How costs might be allocated differently to better evaluate the success of the strategy.
Activity-based costing (ABC) offers a way to analyze costs that is different from traditional methods. People often say that ABC is a better way to do product costing. But, in fact, it is a huge mistake to think that ABC is either better or worse than traditional costing. Traditional costing is premised on accounting concepts that were designed to satisfy the needs of external and regulatory financial reporting, based on an ancient set of assumptions. By contrast, ABC is a practical method designed to provide management with meaningful information with which to make better decisions.
ABC costing is an alternative to the traditional way of accounting. Traditionally it is believed that high volume customers are profitable customers, a loyal customer is also profitable one, and profits will follow a happy customer. Studies on customer profitability have unveiled that this is not necessarily true. ABC is a costing model that identifies the cost pools, or activity centers, in an organization and assigns costs to products and services based on the number of events or transactions involved in the process of providing a product or service. As a result, ABC can support managers to see how to maximize shareholder value and improve corporate performance.
Advantages of implementing the activity based costing system at Goldman Sachs include: more accurate costing products/services, customers, distribution channels, better understanding of overhead, easier to understand for everyone, utilizes unit cost rather than just total cost, facilitates benchmarking, and supports performance management and scorecards.
What corporate governance changes might be needed?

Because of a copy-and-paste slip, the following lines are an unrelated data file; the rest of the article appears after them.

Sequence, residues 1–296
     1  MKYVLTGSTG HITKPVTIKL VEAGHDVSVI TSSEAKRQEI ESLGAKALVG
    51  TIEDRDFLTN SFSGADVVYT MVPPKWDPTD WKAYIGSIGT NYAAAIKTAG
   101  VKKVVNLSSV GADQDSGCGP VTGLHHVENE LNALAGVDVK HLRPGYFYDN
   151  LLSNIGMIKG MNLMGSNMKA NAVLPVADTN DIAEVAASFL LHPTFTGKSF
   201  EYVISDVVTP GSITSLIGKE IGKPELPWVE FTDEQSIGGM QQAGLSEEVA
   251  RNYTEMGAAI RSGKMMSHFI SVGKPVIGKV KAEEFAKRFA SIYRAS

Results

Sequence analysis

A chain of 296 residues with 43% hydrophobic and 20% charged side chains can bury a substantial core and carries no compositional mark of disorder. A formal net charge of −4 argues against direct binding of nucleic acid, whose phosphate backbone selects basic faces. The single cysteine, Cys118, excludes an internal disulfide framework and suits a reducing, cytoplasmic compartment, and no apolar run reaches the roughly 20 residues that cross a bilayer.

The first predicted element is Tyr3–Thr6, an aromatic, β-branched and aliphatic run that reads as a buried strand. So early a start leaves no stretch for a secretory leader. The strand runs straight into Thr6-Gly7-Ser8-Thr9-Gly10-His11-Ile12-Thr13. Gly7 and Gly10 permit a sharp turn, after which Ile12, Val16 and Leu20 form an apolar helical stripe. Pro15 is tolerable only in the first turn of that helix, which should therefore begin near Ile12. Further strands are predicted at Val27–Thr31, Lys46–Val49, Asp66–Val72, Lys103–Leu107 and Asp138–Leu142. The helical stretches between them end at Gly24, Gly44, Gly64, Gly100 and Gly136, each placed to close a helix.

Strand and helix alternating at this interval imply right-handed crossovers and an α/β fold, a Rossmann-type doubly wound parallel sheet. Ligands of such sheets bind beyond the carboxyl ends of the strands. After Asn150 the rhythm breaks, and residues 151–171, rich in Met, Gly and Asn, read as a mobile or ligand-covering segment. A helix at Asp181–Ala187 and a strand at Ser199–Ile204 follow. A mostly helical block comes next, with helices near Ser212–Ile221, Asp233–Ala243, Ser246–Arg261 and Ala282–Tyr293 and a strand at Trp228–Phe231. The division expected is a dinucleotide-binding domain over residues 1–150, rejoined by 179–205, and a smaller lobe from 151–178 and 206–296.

Great companies have to distinguish between what is legal and what is right. The definition of corporate governance that is most generally used: the set of processes, customs, policies, laws, and institutions affecting the way a corporation is directed, administered or controlled. Corporate governance also includes the relationships among the many stakeholders involved and the goals for which the corporation is governed. The principal stakeholders are the shareholders, management, and the board of directors. Other stakeholders include employees, customers, creditors, suppliers, regulators, and the community at large. Corporate governance is a multi-faceted subject. An important theme of corporate governance is to ensure the accountability of certain individuals in an organization through mechanisms that try to reduce or eliminate the principal-agent problem. Key elements of good corporate governance principles include honesty, trust and integrity, openness, performance orientation, responsibility and accountability, mutual respect, and commitment to the organization. When compensation arrangements are flawed, it is common to look for agency conflicts between insiders and shareholders as the source of the problem and to corporate governance reforms as the solution. Some of the incentives for excessive risk-taking may be undesirable from the perspective of shareholders.
Goldman is defending against the SEC complaint in the court of public opinion by saying that the synthetic CDO was a transaction between sophisticated parties (“consenting adults,”) that everyone knew there would be a long and short side of the transaction, that it did not mislead the long side of the transaction, which had every incentive to understand the CDOs packaged in the instrument. But, the underlying question is whether a synthetic CDO transaction, which is unrelated to the “real economy,” just a bet between well-heeled parties that creates significant economic risk — is “right.” There is a strong view that these transactions are not right. Goldman needs to defend not only its actions in the particular case but also take a position on whether such transactions are appropriate and under what conditions.